Last week, during flooding in my local area, I ended up living several days essentially on an island. I live up on a hill, but the main road at the bottom of the neighborhood was closed, the power was out a conserve-and-boil-water order was in effect. My children and I talked about earlier days when no one had electricity, TV, etc… I toyed with the notion of whether this was giving me a taste of Regency life, but quickly rejected it.
As we figured out ways to cook everything on a barbecue grill, I realized that in the Regency we would have had a wood, or more likely, coal-burning stove of some sort, as pictured here (the kitchen at Pickford’s House, Friar Gate, Derby, built after 1812). More importantly, I (or more likely, my cook-let’s keep it a proper Regency fantasy) would know how to use it. Instead of worrying about the food in the fridge and freezer spoiling, we’d have cellars or get fresh stuff from the home farm or local market.
As far as personal hygiene was concerned, in my Regency fantasy I’d have a nice avante-garde bathroom such as the ‘bamboo bathroom’ at Plas Tag in Wales. The bath includes a shower with its own coal-fired water supply. Of course, I’d also have the means and the servants to bathe daily, as Beau Brummell is supposed to have done.
Inconveniences aside, the most striking thing was the feeling of isolation. We had only the radio to keep us advised as to the situation. Up on out hill everything was almost surreally normal–kids played outside, I did some gardening, lots of people were out grilling. It was just very quiet with no one driving in and out. Without the visual images on TV or a storm of Internet news, it was hard to grasp the extent of the devastation in lower areas. As it turns out, we were very lucky compared to some. Fortunately, there were very few fatalities in our area, but many people’s houses and businesses have sustained serious damage.
Anyway, after a few days of isolation, we learned that a somewhat roundabout, country road way of getting out of our neighborhood had opened up. We were expecting houseguests coming from Chicago, but they called, telling us the western routes to our town were still closed, so we arranged to meet them further to the north. We ending up “roughing it” together in a Fairfield Inn, conveniently located close to a children’s museum, a zoo, restaurants and boasting a pool. What I enjoyed the most, though, were the hot showers and hot coffee each morning. The best thing was getting home to find the power back on ahead of NYSEG predictions, our pet fish still alive and only moderately unpleasant smells from the fridge.
So I’ll admit it. I’m a wimp, I like my modern comforts and my Regency fantasy has to include all the most up-to-date conveniences of the time. And many, many servants. 🙂
Hope all my Risky friends and guests are safe and reasonably dry!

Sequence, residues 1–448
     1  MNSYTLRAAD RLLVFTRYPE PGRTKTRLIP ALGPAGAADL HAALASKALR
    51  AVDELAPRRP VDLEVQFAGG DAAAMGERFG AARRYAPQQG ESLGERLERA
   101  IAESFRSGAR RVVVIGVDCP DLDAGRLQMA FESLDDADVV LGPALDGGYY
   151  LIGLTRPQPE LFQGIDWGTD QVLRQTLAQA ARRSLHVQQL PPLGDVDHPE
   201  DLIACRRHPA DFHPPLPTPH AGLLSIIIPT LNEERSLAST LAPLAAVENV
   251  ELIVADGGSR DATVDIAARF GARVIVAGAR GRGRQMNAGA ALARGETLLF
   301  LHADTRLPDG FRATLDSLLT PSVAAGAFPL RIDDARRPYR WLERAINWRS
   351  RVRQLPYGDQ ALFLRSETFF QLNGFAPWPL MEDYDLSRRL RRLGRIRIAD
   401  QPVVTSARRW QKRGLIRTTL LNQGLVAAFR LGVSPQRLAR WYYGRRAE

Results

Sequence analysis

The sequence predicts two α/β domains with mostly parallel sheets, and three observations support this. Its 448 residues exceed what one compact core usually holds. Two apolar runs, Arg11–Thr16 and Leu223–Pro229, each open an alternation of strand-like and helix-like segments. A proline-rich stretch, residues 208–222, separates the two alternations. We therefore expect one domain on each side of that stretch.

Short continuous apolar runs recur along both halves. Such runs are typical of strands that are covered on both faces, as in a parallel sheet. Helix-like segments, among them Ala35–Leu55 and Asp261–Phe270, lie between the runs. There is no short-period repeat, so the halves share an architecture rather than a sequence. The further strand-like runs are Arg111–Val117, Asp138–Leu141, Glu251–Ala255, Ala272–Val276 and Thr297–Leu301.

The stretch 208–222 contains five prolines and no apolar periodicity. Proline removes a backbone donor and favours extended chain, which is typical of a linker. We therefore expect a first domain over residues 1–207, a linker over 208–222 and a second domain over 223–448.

LADY DEARING’S MASQUERADE, Golden Quill Best Historical Romance
Congratulations, Elena, on surviving what could’ve been a scary ordeal with aplomb and making it so for your kids, too.
Sounds like not so much fun! Like you, I am a wimp.
Plus I just found out people used to use sheep wool as bathroom tissue. Ugh! Toilet paper as we know it wasn’t invented until the 1890s.
So even with all those servants, I wouldn’t want to live back then. Plus the fact that I’d have been dead anyway, what with the asthma and all. Yay for the 21st century! Glad Elena and her family have their power back!
Reasonably hot is what some of us are! And far too dry.
Glad you survived your ordeal, Elena, and glad the power was on before predicted! That makes a very nice ending to the story. I’m sure your kids will remember this for a long time, and I bet they actually had some fun. (As for you, glad the Fairfield Inn could take you in, and properly caffeinate you.) 🙂
BTW, Megan, wool was definitely not the worst thing people used for toilet paper. But as you can’t handle even that, I will kindly refrain from relating things that would gross you out even more. 🙂
Glad you made it back to the 21st century in safety, Elena! I hope your ordeal was not too trying.
Your comments reminded me of some thoughts I had a few years ago watching the PBS special “The 1900 House”–a family who grew up in that time would not have found things nearly as difficult as a 20th (or 21st) century family transported back in time, who had no experience in operating a coal-fired stove or doing laundry without modern detergents.
I recently read “Inside the Victorian Home” by Judith Flanders, about Victorian domestic life. The book concentrated in great detail on things like how dirty coal fires and gas lights were, how hard the work of servants was, how the new chemical dyes were poisonous and the sewers were overloaded. The whole thing left me with the strong feeling that Judith Flanders doesn’t really *like* the Victorians. Not that what she wrote wasn’t true! Everything was thoroughly documented. But she seemed to focus almost exclusively on the negatives. To someone born at the time, conditions that we would have difficulty enduring were everyday facts of life.
Anyway, I hope you’re settled back at home and none the worse for wear.
I’m glad you’re home safe, Elena! Last year, we had a power-outage for a couple of days around Christmastime. It was the first time I had ever lit a fire in my fireplace, and I considered trying to write by candlelight with a quill pen, but then didn’t. 🙂 It was kind of fun for a day, but wouldn’t want to live like that!
I’m fascinated by those “House” programs on PBS (“1900 House” is still my favorite, I think). It’s amazing how whiny and full of interpersonal conflicts people get when they’re out of their comfort zone…